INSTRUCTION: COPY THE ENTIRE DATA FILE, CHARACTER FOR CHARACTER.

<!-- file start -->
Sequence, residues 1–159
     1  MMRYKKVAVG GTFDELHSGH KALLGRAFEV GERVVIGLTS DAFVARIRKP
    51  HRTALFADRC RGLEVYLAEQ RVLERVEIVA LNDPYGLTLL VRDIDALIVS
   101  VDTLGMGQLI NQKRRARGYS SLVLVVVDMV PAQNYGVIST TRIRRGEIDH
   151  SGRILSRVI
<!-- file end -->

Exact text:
Sequence, residues 1–159
     1  MMRYKKVAVG GTFDELHSGH KALLGRAFEV GERVVIGLTS DAFVARIRKP
    51  HRTALFADRC RGLEVYLAEQ RVLERVEIVA LNDPYGLTLL VRDIDALIVS
   101  VDTLGMGQLI NQKRRARGYS SLVLVVVDMV PAQNYGVIST TRIRRGEIDH
   151  SGRILSRVI